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From Ground Up, a Chronicle of Sweat, Steel

'Iron,' a book of photos by Gil Garcetti, pays tribute to the workers building Disney Hall


Scott Fitzgerald's famous observation that American lives have no second acts never really applied in Los Angeles.

But even here, the curtain seldom has risen on a shift quite as abrupt as that made by former Dist. Atty. Gil Garcetti. His forthcoming book--"Iron: Erecting the Walt Disney Concert Hall"--signals his emergence not only as an accomplished architectural photographer, but also as an artist with a deeply empathetic connection to working men and women.

"Iron," which will be issued in November by Balcony Press, the Glendale-based publisher of fine art and architecture books, documents the work of the 130 structural ironworkers--129 men and one woman--who built the staggeringly intricate metal framework on which architect Frank O. Gehry's gleaming facade hangs.

The project, which Garcetti depicts in more than 130 oversized black and white photographs, involved 22 million pounds of primary steel joined out of 12,500 individual pieces that range from 13 inches to 110 feet long. No two are identical, and some weigh 165,000 pounds. Placed end to end, they would stretch 49 miles.

"This man Garcetti astounded me," said 92-year-old Julius Shulman, one of America's best known architectural photographers, who first saw the ex-D.A.'s work two weeks ago. "He is a great photographer. In all my 66 years of work, I've never seen such an exciting statement on the erection of steel. No one has done such a book before, and I think it is going to create a sensation."

No small tribute from the man whose career was launched by Richard Neutra's patronage and who Frank Lloyd Wright once praised for his unequaled ability to capture an architectural idea photographically.

In the early summer of 2001, about a year after losing an election to Steve Cooley, Garcetti, a passionate photographer for more than 30 years, happened to be passing the Disney construction site. He became mesmerized not only by the sculptural intricacy of the multistory armature rising above the street, but also by the men at working so strenuously and at such peril high overhead. He parked his car, took out his camera and began to shoot. He continued shooting until April, when the completed steel structure began to disappear beneath the building's shimmering skin.

"It was such a kick," Garcetti said. "I just enjoyed being there and getting to know these amazing guys. I thought I would just make the photos for myself and give them prints. But the ironworkers kept telling me, 'You've got to do a book about this building.' "

Gloria Gerace, who is overseeing the archival work on the project for the Los Angeles Philharmonic, asked to see the photos and urged the former prosecutor, now lecturing on race and politics in the criminal justice system at Harvard's Kennedy School, to take them to Balcony.

Garcetti's admiration for the ironworkers' craft is shared by Gehry. In the book's foreword, Gehry notes that while architecture has been transformed over the past 40 years, "the role of ironworkers has changed very little .... Rarely has high-quality steel fabrication been so crucial as with the Walt Disney Concert Hall."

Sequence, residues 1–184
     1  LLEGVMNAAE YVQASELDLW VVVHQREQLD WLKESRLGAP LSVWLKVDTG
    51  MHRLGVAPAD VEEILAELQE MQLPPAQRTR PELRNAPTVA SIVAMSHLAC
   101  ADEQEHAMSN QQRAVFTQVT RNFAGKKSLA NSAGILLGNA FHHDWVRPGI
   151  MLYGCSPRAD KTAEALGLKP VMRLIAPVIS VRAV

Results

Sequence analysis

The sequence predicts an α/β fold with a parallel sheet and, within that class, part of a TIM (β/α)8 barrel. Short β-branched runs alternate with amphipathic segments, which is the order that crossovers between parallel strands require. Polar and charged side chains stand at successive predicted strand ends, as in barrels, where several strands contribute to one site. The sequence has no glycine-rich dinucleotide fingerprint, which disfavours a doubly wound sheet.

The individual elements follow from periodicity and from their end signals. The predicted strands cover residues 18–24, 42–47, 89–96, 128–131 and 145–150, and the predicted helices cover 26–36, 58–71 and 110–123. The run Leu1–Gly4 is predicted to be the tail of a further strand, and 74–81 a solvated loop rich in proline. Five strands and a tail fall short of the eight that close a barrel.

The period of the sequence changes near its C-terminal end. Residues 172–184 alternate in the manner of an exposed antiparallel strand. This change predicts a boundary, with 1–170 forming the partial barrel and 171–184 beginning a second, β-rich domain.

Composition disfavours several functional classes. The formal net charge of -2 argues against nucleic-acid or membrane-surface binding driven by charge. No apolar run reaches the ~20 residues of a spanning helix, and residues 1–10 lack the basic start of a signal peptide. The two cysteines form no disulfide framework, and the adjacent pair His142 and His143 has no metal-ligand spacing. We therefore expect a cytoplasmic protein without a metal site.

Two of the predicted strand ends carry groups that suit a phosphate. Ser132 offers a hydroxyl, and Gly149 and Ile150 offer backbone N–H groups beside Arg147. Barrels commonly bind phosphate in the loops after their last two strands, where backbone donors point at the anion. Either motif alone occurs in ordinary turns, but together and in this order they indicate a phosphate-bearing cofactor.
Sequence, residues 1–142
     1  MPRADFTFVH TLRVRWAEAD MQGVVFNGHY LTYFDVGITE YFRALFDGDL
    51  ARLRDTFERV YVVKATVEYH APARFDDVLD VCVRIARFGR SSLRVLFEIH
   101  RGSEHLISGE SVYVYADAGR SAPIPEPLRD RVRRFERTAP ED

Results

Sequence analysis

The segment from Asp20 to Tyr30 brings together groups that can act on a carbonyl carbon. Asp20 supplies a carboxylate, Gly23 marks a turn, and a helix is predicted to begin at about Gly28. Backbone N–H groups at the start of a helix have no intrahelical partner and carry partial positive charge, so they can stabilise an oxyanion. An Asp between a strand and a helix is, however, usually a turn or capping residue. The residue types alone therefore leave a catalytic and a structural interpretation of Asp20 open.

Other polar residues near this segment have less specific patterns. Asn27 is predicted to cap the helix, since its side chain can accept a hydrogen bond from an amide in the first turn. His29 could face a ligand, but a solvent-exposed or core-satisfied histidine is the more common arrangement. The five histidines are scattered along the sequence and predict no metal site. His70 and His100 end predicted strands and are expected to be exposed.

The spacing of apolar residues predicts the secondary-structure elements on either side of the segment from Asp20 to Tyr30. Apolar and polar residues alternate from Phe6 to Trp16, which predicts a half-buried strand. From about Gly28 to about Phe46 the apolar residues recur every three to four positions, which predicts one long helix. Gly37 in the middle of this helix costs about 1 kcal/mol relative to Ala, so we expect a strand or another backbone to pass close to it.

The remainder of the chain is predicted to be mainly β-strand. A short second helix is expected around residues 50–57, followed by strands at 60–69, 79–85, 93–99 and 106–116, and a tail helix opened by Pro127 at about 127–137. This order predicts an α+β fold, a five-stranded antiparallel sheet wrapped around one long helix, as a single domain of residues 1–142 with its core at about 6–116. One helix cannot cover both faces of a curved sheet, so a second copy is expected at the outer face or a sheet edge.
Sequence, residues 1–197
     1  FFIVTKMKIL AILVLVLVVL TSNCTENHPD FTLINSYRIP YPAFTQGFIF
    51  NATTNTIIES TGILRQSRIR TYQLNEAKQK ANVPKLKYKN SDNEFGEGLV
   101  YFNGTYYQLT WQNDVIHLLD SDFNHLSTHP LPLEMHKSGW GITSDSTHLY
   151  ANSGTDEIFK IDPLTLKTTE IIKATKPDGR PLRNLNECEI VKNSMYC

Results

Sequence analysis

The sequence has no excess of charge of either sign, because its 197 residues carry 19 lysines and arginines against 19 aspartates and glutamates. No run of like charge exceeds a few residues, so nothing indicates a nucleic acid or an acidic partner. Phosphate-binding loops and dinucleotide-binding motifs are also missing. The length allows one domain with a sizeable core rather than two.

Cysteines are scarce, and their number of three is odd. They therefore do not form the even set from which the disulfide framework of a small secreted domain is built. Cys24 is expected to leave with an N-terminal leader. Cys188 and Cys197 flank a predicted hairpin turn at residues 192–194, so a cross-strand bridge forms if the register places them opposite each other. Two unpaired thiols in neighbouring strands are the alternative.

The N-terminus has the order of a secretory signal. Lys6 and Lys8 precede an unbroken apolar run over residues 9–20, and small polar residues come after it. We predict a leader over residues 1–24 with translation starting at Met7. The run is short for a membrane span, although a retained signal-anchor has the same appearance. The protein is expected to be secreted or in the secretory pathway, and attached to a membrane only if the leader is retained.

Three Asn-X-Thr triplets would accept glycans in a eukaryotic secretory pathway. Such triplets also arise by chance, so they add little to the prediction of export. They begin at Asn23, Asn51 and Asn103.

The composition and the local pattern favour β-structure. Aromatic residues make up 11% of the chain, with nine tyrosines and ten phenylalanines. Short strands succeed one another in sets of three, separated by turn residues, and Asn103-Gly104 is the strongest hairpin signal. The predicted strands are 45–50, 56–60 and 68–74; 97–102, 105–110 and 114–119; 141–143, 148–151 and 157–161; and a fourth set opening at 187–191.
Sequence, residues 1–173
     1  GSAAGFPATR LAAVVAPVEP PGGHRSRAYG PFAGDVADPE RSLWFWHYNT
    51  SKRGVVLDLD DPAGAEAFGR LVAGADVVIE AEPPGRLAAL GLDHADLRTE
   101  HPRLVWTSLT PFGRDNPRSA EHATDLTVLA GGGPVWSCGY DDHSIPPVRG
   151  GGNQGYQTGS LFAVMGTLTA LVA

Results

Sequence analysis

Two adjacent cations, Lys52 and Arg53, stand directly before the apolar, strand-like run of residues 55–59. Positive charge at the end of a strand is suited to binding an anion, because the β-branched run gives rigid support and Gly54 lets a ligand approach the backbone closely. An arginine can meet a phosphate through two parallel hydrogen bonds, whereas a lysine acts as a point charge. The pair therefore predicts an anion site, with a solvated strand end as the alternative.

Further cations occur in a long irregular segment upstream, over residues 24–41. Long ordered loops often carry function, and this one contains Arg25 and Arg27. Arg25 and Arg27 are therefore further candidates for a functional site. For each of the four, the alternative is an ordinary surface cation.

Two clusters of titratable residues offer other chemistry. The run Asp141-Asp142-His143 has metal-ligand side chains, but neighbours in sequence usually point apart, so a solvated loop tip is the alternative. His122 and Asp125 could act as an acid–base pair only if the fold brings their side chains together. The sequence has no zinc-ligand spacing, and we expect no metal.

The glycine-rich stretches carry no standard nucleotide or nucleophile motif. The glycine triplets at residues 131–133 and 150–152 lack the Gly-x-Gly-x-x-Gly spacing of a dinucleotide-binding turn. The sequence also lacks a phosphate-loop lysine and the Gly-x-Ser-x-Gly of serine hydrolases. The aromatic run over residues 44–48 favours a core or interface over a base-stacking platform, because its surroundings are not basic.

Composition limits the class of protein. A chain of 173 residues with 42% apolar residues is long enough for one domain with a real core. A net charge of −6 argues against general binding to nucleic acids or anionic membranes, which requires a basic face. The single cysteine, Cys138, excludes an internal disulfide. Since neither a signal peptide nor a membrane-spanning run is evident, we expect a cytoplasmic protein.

What the ironworkers--whom he calls "the forgotten heroes of architecture"--put in place, Gehry writes, "is itself a work of art."

Their feelings are reciprocal. "I think Gehry is the ironworkers' hero," said Johnny O'Kane, who worked on Disney Hall. "Every ironworker likes a good challenge, and Frank Gehry throws an awfully good challenge."

Most of the workers didn't know Gehry by sight, but on one of his visits to the project, apprentice ironworker Cliff Neves was introduced to the Priztker Prize-winning architect and told him, "You made a crazy, fun building."

Garcetti set out to capture that spirit of adventurous labor, played out with elan and skill in the face of real danger. "In this country, we don't give craftsmen and tradespeople the respect they deserve," Garcetti said. "We don't respect as we should what we used to call the dignity of labor."

Part of the deep feeling so evident in Garcetti's photos of the ironworkers at their job stems, he said, from his modest origins. "My dad was completely uneducated but eventually became a barber. My mom went to high school, and she became a meatpacker. The first job I can remember wanting was garbage collector. They seemed to have such strength and agility. More important, my dad told me they made good money."

Garcetti said doubts about whether he had done justice to the ironworkers initially made him reluctant to publish his photographs. "In the back of my mind," he said, "I kept wondering whether these photos were really good enough. I didn't want the workers insulted by critics slapping my photos around."

According to Shulman, he needn't have worried. "When I saw first the prints of Gil's photos," he said, "I said to his wife that it's a very rare thing for any photographer to achieve this. I told him, 'Garcetti, you've been in the wrong business. Your life has changed forever and for the good. Leave everything else behind and take pleasure in the inspiration you're going to give so many people.' "

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